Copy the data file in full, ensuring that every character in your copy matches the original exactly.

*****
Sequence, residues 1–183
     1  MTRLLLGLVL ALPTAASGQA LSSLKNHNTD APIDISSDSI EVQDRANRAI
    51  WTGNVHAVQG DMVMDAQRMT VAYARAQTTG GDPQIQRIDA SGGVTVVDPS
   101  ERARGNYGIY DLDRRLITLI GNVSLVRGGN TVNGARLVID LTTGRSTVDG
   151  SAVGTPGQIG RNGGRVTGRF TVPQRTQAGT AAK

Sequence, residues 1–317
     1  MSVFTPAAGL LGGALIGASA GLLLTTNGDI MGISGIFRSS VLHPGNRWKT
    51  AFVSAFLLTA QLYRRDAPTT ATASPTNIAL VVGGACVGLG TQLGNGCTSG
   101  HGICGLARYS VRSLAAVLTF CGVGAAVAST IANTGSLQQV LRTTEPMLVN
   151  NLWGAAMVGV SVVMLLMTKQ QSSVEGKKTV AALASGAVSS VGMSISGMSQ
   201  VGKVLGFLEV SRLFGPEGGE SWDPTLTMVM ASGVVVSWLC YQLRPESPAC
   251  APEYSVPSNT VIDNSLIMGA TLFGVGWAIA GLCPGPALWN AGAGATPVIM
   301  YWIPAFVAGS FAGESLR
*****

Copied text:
Sequence, residues 1–183
     1  MTRLLLGLVL ALPTAASGQA LSSLKNHNTD APIDISSDSI EVQDRANRAI
    51  WTGNVHAVQG DMVMDAQRMT VAYARAQTTG GDPQIQRIDA SGGVTVVDPS
   101  ERARGNYGIY DLDRRLITLI GNVSLVRGGN TVNGARLVID LTTGRSTVDG
   151  SAVGTPGQIG RNGGRVTGRF TVPQRTQAGT AAK

Sequence, residues 1–317
     1  MSVFTPAAGL LGGALIGASA GLLLTTNGDI MGISGIFRSS VLHPGNRWKT
    51  AFVSAFLLTA QLYRRDAPTT ATASPTNIAL VVGGACVGLG TQLGNGCTSG
   101  HGICGLARYS VRSLAAVLTF CGVGAAVAST IANTGSLQQV LRTTEPMLVN
   151  NLWGAAMVGV SVVMLLMTKQ QSSVEGKKTV AALASGAVSS VGMSISGMSQ
   201  VGKVLGFLEV SRLFGPEGGE SWDPTLTMVM ASGVVVSWLC YQLRPESPAC
   251  APEYSVPSNT VIDNSLIMGA TLFGVGWAIA GLCPGPALWN AGAGATPVIM
   301  YWIPAFVAGS FAGESLR